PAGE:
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12bit vs 14bit DSLRs


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Hi All,

I was wondering if anyone has any experience comparing DSLRs with 12bit pixel depth like canon 700D vs 14bit like Canon 800D. Might it be worth upgrading your existing 12bit model for a 14bit model. Also what about the question of a cooled 12bit CCD like the ZWO ASI1600 compared to a 14bit DSLR?

Cheers!

 

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Sorry I just noticed that I missed answering your main question. The four 12-bit equal to one 14 bit image is not technically true although it is trueish in many circumstances. It's one of those commo

Not necessarily. When it comes to proper astro cameras that have RAW formats that are actually raw, the pixel value is simply a count of the electrons in the pixel electron well (1 electron per photon

Btw, I put Stark's article to the test and did a sequence in PixInsight, creating and stacking images. But I only simulated a 3 bit camera, stacking 32 images. Here's the result: http://wimv

When I went from a Canon 10D to a 450D, which is 12 to 14bit, the difference was huge. As the 450D was less noisy than the 10D it was basically like getting four times the data in the same time.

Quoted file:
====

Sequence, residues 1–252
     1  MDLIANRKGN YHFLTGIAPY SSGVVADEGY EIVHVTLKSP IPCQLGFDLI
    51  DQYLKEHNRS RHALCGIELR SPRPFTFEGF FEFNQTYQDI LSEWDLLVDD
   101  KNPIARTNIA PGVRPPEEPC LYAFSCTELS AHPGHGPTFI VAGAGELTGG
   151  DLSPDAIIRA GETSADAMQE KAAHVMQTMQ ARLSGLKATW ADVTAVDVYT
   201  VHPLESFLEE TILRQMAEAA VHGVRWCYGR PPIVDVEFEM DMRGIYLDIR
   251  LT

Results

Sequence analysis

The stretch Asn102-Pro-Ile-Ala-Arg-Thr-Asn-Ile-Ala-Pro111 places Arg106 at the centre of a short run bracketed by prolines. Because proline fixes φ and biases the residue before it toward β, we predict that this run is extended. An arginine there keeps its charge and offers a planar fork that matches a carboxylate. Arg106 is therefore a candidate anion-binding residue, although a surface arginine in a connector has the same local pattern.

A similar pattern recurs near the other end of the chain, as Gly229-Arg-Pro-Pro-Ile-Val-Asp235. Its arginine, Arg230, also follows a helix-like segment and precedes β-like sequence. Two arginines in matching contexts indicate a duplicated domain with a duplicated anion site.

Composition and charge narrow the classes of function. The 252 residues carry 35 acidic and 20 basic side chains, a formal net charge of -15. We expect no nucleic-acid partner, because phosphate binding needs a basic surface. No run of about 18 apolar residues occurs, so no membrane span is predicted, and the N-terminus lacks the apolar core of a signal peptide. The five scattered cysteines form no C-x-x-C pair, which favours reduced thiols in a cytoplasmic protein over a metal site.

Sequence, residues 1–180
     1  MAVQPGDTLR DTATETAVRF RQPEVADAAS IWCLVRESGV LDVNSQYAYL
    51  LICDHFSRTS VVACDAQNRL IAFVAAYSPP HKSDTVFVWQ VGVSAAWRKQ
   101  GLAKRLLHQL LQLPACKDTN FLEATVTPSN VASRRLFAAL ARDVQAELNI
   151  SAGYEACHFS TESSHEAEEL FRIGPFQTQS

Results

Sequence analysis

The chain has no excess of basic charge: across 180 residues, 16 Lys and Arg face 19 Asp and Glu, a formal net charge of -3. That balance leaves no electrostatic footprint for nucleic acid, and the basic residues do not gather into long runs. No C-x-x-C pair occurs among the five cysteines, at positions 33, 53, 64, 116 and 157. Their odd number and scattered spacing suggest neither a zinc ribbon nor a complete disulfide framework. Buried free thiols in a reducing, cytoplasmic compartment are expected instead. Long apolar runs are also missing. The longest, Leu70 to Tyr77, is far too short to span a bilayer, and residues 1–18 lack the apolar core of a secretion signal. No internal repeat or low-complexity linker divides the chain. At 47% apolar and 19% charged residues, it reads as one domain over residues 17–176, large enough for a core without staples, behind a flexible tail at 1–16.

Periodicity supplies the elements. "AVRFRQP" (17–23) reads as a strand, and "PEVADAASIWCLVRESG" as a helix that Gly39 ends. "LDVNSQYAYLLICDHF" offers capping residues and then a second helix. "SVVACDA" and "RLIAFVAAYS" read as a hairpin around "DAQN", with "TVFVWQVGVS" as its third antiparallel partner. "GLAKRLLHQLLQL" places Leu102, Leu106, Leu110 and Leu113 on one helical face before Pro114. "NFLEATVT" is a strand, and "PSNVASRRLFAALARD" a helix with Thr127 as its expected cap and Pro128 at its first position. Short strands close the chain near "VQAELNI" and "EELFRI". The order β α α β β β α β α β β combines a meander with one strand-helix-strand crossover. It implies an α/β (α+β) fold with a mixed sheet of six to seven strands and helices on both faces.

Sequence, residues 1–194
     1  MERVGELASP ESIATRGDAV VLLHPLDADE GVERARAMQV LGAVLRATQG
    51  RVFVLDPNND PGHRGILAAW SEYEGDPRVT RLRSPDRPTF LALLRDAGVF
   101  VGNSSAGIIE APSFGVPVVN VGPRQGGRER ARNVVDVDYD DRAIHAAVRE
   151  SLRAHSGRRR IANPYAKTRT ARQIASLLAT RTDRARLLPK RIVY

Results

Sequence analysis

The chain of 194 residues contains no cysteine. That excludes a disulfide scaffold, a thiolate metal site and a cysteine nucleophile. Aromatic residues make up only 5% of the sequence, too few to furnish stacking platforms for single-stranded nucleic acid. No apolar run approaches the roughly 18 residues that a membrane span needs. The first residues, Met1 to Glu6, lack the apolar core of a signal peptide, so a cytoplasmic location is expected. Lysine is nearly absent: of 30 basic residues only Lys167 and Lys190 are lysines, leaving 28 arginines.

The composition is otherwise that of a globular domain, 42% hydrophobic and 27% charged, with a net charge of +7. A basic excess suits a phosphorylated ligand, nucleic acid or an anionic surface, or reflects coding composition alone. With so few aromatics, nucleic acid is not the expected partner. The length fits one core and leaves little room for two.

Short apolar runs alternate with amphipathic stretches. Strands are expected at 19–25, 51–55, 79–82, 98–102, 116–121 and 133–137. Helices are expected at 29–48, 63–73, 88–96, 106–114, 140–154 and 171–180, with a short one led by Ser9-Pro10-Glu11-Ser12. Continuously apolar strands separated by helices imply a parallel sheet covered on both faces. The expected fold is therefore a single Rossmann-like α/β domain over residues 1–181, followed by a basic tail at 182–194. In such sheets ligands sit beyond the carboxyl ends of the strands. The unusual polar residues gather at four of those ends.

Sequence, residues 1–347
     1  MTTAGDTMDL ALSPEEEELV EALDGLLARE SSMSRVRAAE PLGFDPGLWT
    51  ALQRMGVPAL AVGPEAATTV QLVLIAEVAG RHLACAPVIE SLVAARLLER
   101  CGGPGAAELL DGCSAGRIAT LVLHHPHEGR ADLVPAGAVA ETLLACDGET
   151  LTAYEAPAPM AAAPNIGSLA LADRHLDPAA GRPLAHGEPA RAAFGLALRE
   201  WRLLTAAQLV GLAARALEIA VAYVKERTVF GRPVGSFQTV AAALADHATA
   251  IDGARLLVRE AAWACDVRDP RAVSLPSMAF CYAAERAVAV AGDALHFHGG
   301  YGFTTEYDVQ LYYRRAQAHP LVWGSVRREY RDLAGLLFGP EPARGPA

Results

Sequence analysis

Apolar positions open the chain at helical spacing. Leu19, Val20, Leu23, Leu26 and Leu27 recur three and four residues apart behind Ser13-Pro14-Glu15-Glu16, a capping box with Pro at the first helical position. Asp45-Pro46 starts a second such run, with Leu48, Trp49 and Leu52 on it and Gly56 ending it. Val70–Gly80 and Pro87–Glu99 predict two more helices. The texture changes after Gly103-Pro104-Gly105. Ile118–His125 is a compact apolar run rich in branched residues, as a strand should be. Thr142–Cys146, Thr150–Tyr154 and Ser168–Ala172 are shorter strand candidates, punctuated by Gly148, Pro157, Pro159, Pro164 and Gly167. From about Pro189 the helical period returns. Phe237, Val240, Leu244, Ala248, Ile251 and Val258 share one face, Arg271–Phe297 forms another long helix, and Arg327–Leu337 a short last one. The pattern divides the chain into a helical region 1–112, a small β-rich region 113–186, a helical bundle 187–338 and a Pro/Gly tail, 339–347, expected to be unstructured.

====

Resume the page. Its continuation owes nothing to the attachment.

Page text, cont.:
A bit different with cooled CCDs as they are very low noise, and the camera may be mono, making a direct comparison difficult.

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I have used a 12bit Canon 1000d, a modded 550d, both 12 bit.  Currently I'm using a Canon 6D and 80D, both 14 bit.  It is pretty difficult to make a comparison based on bit depth because cmos chip technology is constantly evolving with increasing mega pixels, better sensitivity and lower noise before you bring bit depth into the equation.  

When I say I've used these cameras I'm meaning widefield landscape night time photography.  In this situation the images aren't majorly underexposed.  I've found that my 12 bit DSLRs images would cope pretty well being when stretched from around 3 stops underexposed.  However, with deep sky, much more image stretching is often needed and you have to feel that 14bit would offer a significant advantage.  The latest CMOS cameras seem to be breaking the rules though, they have a very low read noise and this means you don't need such long exposure to overcome read noise.  Large numbers of short sub exposures appear to be order of the day with the use of gain (equivalent to high iso) enabling the subs to not need as much stretching.  In this situation bit depth may not be too critical.  

There are lots of great images on SGL from ASI1600 users and these will be far more eloquent than anything I can say!!

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4 hours ago, MartinB said:

I have used a 12bit Canon 1000d, a modded 550d, both 12 bit.  Currently I'm using a Canon 6D and 80D, both 14 bit.  It is pretty difficult to make a comparison based on bit depth because cmos chip technology is constantly evolving with increasing mega pixels, better sensitivity and lower noise before you bring bit depth into the equation.